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London Moving Forward with Olympic Plans

London, chosen on July 6 as the host of the 2012 Summer Olympics, has begun moving forward with its projects. London’s bid, submitted late last year, had been strengthened by an ambitious proposal for a curvaceous aquatic center by Zaha Hadid (which will be implemented) and an Olympic stadium concept, featuring a sleek wrap-around roof, by Foreign Office Architects (which may not). Another principal element of the bid was an Olympic masterplan led by EDAW (with Foreign Office Architects, Allies and Morrison, HOK Sport, and Fluid). It proposed a regeneration of the 15,000-acre Lower Lea Valley, a poverty-stricken area about three miles from London's center, that was chosen as the site for the 500-acre Olympic park. The plan focused on a networked park structure, a new road network, and cleaned up waterways. It also mapped out the sites for each venue. Richard Rogers, the mayor of London's chief advisor, feels the bid won "because it used the Games as a catalyst for improving the life of the city and of the nation."

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Work has now begun to create the Olympic park. The cost for the redevelopment is estimated at $917 million, with 33 venues planned, eight to be built from scratch, including the 80,000-seat, $450 million Olympic stadium, a $450 million, 12,000-seat velodrome, and a second multi-sport arena. A number of design competitions for these projects will be announced in October. Zaha Hadid's $117 million, 20,000-seat aquatics center is already set for completion in December 2008. That venue’s S-shaped roof was inspired, officials say, by the building's riverside location. An estimated $4.13 billion will be needed to finance all Olympic facilities. Other venues include such famous spots as Hyde Park, Lord's Cricket Ground and Wimbledon.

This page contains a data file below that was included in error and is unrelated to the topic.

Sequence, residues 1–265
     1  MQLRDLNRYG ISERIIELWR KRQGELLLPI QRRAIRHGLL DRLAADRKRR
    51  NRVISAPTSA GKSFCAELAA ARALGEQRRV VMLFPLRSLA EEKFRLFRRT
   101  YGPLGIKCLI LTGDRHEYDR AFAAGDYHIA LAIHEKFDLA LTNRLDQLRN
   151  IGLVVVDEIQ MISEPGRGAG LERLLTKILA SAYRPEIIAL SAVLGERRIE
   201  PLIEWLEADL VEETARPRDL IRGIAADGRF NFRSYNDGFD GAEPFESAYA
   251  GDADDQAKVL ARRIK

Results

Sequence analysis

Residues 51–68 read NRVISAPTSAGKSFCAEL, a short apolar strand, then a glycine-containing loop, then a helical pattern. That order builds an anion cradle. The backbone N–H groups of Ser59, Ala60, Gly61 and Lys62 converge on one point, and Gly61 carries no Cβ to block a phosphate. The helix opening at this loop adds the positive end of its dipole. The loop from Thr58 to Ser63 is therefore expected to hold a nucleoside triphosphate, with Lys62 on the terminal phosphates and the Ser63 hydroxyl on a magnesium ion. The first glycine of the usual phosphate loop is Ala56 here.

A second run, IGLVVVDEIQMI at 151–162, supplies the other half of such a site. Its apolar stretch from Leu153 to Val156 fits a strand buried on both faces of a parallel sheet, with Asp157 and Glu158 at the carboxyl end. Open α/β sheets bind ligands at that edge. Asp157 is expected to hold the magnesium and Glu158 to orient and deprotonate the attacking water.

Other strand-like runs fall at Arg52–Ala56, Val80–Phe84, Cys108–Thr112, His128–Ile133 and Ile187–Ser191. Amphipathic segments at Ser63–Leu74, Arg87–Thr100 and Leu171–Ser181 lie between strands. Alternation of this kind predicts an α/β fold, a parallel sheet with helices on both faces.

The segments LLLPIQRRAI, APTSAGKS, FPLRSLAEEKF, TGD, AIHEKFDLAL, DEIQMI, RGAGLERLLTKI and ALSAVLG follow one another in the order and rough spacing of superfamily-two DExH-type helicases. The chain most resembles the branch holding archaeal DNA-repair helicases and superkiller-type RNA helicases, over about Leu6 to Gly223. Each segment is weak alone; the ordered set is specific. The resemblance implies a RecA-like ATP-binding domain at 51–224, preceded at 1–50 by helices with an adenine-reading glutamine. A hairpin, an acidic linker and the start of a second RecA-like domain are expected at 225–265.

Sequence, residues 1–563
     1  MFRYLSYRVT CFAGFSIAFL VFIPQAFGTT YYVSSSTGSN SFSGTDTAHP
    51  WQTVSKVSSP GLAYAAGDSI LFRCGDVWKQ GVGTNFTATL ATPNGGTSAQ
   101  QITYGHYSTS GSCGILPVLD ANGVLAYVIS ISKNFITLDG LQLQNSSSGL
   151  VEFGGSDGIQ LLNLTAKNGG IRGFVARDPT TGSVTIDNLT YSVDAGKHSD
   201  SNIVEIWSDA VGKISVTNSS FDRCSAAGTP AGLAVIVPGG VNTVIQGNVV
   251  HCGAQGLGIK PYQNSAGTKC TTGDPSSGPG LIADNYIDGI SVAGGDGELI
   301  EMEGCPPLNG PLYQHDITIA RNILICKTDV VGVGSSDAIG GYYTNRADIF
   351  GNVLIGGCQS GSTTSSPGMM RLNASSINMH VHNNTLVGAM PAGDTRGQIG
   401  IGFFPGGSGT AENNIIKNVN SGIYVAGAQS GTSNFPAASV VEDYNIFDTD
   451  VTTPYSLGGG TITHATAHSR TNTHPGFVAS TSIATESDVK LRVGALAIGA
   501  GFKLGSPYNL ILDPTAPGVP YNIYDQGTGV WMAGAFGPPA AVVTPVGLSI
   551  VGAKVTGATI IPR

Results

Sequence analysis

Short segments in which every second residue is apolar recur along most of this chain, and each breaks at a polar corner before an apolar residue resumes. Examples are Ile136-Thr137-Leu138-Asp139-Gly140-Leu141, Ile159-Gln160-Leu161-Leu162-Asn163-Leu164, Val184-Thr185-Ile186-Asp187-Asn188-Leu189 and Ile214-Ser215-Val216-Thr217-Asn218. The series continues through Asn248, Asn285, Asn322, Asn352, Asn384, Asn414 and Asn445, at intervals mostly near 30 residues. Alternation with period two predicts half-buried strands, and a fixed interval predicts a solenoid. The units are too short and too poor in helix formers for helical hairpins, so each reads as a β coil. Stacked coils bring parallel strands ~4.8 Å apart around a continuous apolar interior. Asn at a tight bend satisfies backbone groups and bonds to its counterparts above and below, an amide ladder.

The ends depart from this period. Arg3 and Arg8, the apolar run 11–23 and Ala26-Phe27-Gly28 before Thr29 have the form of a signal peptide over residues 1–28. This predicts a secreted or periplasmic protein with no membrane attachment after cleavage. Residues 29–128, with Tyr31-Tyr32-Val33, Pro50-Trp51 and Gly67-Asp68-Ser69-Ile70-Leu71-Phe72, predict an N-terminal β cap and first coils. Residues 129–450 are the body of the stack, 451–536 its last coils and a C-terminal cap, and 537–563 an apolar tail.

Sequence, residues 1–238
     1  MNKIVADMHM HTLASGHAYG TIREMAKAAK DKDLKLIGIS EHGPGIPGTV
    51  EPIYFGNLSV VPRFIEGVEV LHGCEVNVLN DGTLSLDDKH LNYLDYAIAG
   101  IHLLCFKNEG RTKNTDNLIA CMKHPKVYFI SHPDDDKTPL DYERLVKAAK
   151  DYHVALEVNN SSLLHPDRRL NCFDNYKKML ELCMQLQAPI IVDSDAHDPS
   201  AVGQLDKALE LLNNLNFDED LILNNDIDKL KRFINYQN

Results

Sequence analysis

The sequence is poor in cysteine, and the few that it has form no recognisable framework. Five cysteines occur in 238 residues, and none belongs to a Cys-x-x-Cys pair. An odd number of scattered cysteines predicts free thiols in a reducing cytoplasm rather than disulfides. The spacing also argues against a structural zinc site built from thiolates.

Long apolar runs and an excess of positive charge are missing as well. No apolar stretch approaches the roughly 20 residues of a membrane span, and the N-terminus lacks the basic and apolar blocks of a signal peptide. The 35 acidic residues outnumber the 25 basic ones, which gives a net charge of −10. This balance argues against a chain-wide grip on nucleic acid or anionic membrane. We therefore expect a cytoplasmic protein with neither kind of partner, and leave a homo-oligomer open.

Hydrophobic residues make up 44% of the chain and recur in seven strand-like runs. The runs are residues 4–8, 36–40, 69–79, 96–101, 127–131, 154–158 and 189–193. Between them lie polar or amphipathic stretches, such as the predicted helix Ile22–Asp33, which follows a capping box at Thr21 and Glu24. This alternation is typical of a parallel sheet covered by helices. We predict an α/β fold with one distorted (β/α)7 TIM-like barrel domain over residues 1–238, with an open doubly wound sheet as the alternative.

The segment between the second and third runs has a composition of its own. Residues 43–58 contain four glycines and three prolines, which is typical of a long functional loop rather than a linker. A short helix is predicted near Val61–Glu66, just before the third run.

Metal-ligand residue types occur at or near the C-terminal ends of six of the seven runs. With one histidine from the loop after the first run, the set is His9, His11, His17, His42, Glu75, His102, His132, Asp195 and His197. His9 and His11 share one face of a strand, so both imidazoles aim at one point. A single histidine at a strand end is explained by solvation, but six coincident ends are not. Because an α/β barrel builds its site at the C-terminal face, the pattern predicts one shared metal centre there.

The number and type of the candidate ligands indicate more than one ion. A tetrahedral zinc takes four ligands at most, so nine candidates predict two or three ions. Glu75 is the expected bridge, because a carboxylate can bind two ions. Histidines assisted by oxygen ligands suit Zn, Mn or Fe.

The Olympic Village will adapt to residential use and the main stadium to a 25,000-seat venue at the end of the Games. The plan is meant to accelerate London's eastward expansion to accommodate London’s expected population growth. A special lottery is expected to raise over half of the needed funds. A new planning authority, the Olympic Development Agency, will soon be introduced to speed up the process, hopefully avoiding the delays that plagued Athens in 2004. A key issue is security, particularly in the wake of the recent terrorist attacks in London. Jason Prior of EDAW, who is leading the bid team, says the team has already investigated the spatial needs of security-related evacuation plans for the venues and park.

Lucy Bullivant

 

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